The Stockton coal bed (Middle Pennsylvanian) is a relatively high ash coal composed primarily of moderately thin banded, sparsely thin banded, and nonbanded coal (splint and cannel coal). Comparisons of petrographic, palynologic, and paleobotanic data gathered from the same sample sets from a single column of the Stockton coal bed indicate that compositional correspondences among the sets exist regardless of coal type. Some correspondences are believed to exist because of original plant constituents and others because of the paleoenvironment of peat formation. Using some combination of these data is critical when interpreting paleoenvironmental conditions because (1) a direct correspondence is lacking between many of the data and (2) each of the three data sets provides a unique and important perspective on the paleomire. The Stockton paleomire in the area of this study supported a diverse flora that consisted of both small and arboreous lycopsids, small ferns and tree ferns, calamites, cordaites, and pteridosperms. There appear to have been two successions of Lycospora spore-dominated, vitrinite-rich, liptinite-poor peat formation, which were followed by inertinite-rich peat formation marked by a tree fern-dominant spore assemblage and abundant unidentifiable plant tissues. These are interpreted to be two water-laden or topogenous peat formational stages followed by slightly domed, better drained peat formation. ?? 1993.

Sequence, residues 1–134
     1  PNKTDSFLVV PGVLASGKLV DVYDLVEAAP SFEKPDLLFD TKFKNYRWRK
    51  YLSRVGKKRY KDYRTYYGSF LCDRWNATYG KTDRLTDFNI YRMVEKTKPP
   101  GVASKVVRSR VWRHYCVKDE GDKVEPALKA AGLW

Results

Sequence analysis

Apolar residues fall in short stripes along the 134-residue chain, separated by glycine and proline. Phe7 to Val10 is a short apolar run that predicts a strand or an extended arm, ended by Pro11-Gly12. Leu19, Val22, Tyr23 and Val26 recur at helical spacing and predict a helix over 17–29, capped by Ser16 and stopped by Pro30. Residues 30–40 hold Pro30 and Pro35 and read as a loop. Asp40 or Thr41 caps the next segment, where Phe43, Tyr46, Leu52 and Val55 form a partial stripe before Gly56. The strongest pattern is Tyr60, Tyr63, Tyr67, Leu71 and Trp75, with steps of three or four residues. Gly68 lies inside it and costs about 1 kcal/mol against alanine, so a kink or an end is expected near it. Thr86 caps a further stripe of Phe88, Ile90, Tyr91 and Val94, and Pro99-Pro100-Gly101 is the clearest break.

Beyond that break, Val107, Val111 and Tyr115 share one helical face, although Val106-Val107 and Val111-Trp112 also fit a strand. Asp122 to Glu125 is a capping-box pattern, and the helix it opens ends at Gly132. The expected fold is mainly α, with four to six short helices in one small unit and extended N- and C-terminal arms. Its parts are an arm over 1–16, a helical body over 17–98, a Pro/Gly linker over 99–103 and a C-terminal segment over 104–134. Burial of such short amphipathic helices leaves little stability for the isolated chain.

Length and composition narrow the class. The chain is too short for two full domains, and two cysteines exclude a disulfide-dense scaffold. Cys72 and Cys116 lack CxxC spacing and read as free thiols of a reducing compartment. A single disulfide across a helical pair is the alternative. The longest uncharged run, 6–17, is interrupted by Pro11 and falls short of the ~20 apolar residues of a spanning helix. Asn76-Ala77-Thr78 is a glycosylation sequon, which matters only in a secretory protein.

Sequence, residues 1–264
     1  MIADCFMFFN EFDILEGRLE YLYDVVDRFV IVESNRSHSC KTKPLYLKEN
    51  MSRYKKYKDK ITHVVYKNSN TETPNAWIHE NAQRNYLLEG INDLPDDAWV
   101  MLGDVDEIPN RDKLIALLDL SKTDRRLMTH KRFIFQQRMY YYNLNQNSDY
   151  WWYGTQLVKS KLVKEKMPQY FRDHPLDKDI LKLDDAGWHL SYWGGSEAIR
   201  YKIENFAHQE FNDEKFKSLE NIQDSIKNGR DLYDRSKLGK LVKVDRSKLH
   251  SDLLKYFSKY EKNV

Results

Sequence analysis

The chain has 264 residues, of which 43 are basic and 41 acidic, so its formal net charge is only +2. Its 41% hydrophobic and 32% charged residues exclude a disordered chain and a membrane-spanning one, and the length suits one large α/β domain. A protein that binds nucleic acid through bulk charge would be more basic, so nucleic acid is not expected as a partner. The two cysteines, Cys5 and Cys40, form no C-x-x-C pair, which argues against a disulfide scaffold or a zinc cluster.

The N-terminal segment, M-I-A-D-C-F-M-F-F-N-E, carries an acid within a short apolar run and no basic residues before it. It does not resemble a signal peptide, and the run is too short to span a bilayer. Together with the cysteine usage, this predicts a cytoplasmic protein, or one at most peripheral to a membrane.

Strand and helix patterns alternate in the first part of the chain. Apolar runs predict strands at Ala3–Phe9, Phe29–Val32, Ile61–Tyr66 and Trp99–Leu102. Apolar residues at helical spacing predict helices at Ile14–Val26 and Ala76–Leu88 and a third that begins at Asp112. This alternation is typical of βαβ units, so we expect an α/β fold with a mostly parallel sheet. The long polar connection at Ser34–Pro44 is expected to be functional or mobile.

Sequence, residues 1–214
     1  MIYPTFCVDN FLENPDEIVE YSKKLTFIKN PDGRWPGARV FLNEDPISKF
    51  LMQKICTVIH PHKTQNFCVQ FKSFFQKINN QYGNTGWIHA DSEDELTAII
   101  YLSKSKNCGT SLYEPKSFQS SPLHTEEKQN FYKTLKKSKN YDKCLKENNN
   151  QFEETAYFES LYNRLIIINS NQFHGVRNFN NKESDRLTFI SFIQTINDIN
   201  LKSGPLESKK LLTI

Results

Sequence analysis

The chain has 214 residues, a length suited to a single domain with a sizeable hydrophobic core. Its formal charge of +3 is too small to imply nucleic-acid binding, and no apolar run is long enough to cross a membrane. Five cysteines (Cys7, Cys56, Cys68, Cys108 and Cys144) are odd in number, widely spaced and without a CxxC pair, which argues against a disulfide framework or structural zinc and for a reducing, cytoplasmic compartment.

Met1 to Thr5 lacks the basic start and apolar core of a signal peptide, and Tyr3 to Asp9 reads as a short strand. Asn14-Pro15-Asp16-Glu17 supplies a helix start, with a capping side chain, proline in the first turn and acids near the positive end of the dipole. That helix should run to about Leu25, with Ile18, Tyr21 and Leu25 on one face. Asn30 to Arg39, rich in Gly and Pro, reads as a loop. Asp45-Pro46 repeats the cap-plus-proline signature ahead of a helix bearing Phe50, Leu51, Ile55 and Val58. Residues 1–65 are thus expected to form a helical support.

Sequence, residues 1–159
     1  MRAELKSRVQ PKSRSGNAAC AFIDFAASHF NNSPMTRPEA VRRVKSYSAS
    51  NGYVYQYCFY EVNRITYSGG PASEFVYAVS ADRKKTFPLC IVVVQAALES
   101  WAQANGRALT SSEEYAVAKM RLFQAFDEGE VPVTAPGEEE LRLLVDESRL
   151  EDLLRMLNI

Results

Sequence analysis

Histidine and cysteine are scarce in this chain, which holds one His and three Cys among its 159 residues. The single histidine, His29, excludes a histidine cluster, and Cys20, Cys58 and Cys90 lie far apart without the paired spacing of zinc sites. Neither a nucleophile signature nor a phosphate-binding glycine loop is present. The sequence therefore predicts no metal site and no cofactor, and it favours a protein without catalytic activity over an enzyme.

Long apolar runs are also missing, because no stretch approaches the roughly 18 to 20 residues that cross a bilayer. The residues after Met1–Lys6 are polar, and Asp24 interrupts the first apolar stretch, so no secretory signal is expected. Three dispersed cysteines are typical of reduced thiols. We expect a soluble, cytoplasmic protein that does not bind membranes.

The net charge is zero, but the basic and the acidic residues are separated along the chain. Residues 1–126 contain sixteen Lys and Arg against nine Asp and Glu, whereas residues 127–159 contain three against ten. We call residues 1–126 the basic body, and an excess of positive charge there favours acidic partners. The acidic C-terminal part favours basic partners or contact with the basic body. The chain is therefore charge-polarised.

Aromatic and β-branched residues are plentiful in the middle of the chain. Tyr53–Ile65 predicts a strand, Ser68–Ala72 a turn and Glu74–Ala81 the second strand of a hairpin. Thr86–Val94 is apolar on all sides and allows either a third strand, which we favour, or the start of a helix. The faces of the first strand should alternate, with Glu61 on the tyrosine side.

Additional publication details
Comparison of the petrography, palynology and paleobotany of the Stockton coal bed, West Virginia and implications for paleoenvironmental interpretations